On 11/02/2014 12:27 PM, Ken Caviness wrote in part:
In all generality: Very often there is more than one way of
looking at things.
a) The expert will be able to see it in more than one
-- Sometimes the expert will be able to translate back
-- Sometimes one viewpoint will be prohibitively inconvenient,
and the expert will have to make a choice.
b) The non-expert will be able to see it in only way.
Different non-experts will have incompatible views.
c) The beginner might not be able to see it at all.
So it is with special relativity.
++ The modern (post-1908) view emphasizes proper time,
proper length, proper acceleration, invariant mass,
four-vectors, spacetime diagrams, geometry, trigonometry,
-- The archaic (pre-1908) view emphasizes dilated time,
contracted length, various notions of velocity-dependent
mass, et cetera.
The archaic viewpoint is not necessarily wrong. In simple
situations, it can be used to obtain correct answers. In
more advanced situations, it can be prohibitively inconvenient.
There are pedagogical and practical reasons for preferring
the modern (post-1908) approach. It is simultaneously easier
to learn, easier to teach, easier to use, and more powerful.
It can be used to explain the archaic viewpoint easily ...
whereas the converse is not so easy.
In the modern approach, you can get along just fine without
any contracted lengths, without any dilated times, without
any notion(s) of velocity-dependent mass, et cetera.
If you rotate a ruler in ordinary Euclidean space, "the"
length of the ruler does not change. The length of the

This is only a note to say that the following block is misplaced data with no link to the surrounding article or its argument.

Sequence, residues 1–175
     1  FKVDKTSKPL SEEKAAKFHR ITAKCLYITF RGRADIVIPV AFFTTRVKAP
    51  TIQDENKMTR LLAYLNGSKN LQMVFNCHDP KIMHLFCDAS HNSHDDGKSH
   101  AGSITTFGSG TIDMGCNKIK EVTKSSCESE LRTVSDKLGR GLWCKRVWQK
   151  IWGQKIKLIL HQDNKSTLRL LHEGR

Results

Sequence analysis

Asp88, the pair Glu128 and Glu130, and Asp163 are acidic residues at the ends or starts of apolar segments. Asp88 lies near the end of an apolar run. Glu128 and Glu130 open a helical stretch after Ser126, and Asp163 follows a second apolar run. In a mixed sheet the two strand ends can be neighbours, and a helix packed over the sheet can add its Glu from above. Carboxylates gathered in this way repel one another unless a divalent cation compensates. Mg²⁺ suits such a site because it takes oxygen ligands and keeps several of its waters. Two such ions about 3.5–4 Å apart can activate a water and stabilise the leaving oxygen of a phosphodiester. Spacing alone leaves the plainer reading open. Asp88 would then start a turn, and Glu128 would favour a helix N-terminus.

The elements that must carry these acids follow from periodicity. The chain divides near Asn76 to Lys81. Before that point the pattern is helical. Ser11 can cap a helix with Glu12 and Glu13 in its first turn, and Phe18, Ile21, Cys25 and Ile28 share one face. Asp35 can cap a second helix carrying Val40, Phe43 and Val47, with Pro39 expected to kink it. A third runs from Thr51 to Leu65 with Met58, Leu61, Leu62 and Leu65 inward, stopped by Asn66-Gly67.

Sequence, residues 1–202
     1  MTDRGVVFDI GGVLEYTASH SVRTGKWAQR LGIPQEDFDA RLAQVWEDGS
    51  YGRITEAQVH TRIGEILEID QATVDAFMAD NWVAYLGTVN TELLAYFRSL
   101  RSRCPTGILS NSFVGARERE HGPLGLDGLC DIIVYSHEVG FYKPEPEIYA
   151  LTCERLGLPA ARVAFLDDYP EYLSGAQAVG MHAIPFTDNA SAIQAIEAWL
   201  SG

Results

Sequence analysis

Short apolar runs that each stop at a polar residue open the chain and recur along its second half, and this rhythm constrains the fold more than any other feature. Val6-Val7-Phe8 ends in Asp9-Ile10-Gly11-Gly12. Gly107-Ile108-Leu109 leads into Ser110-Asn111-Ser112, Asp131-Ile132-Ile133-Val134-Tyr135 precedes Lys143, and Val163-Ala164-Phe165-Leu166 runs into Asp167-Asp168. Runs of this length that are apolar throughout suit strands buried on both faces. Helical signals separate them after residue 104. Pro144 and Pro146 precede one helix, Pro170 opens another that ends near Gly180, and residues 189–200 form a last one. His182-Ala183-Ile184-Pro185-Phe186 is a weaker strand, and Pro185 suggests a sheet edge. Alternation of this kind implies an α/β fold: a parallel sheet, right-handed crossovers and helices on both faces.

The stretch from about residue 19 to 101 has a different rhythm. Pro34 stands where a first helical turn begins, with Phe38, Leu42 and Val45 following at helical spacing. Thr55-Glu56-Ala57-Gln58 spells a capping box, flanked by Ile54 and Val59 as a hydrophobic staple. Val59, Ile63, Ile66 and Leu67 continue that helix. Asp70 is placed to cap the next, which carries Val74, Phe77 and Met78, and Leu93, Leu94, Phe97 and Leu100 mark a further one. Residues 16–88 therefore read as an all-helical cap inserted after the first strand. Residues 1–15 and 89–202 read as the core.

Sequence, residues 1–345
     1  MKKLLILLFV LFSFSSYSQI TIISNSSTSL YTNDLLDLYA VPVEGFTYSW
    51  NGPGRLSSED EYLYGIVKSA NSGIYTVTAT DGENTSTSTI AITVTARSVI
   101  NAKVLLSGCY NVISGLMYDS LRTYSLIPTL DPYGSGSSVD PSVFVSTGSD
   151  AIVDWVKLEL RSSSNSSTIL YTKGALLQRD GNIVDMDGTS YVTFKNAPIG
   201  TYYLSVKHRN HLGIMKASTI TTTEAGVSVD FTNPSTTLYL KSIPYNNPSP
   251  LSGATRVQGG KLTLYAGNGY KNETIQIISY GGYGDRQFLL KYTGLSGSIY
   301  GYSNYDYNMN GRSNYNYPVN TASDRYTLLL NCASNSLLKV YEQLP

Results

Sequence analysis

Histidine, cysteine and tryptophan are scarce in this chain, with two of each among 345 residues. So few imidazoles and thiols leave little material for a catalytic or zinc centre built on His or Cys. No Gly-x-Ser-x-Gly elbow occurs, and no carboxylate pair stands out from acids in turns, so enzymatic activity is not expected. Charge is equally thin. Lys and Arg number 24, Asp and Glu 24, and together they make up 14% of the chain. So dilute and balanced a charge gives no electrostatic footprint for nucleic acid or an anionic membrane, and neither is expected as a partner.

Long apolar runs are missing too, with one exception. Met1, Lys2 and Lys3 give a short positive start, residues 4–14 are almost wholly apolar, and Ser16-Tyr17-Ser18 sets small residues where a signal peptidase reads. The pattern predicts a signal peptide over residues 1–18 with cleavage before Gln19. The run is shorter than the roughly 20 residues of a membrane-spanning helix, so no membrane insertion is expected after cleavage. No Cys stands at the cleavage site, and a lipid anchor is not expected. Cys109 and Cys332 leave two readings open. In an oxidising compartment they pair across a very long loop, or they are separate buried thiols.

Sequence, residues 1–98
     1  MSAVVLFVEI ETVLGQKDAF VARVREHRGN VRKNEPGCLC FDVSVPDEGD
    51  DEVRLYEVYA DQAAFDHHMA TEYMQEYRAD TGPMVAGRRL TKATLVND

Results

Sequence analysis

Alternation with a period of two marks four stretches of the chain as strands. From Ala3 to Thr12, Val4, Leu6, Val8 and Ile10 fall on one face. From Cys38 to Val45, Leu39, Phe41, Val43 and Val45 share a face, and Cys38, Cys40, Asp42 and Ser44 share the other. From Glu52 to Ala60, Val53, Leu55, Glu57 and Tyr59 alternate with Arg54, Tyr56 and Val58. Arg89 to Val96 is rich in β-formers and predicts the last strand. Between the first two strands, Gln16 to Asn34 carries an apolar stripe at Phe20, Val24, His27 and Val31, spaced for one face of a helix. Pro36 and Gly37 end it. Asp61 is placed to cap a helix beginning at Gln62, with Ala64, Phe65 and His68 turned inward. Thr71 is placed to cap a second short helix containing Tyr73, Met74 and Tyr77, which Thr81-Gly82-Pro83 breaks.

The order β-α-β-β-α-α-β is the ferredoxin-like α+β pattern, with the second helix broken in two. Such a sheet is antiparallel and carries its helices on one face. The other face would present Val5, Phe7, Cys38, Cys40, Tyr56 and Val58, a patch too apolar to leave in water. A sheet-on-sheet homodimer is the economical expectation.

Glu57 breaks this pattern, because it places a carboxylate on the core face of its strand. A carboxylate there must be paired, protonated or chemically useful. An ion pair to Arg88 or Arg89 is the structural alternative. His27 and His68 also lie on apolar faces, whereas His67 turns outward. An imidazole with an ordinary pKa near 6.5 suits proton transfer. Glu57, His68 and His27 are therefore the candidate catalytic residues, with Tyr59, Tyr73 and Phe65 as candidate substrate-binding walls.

shadow that the ruler projects on the floor might change,
but that is not "the" length of the ruler.
Similarly, if you boost a ruler in spacetime, the modern
viewpoint says "the" length does not change. That is to
say, the proper length does not change. The /projection/
of the ruler onto the lab frame might change, but that
is not "the" length of the ruler.
Let's be clear: "the" length -- the proper length --
does not undergo Fitzgerald-Lorentz contraction.
Meanwhile, if you rotate an object in such a way that the
shadow should get shorter, but it doesn't, it means the
object must have stretched.
When I wrote up my notes on relativistic acceleration of
an extended object, I used the modern (post-1908) approach
exclusively. I wasn't consciously trying to make a point;
that's just how I think about it. That's how I was trained.
The professor told us quite explicitly: "The point is not
to learn how to do contractions and dilations. The point
is to learn how to /avoid/ doing contractions and dilations."
That's the sort of pronouncement that gets your attention.
I didn't fully understand what he meant, but I could tell
it was important.
However, today I am trying to make a point: the modern
spacetime viewpoint is not the only way of looking at
things, but it has treeeemendous advantages.
I can perfectly well follow the contraction/dilation
approach, but all the time I am saying to myself, wow,
is that clumsy and archaic.
I know there are plenty of introductory-level textbooks,
web sites, and TV "science" shows based on the premise
that the history of relativity began /and ended/ in 1905,
but that is just wrong. Wildly wrong.
The point I am making today is only tangentially connected
to the "acceleration" issue; it applies to all of relativity.
OTOH since the acceleration puzzle is a tremendous magnet for
misconceptions, there are big rewards for a clear, careful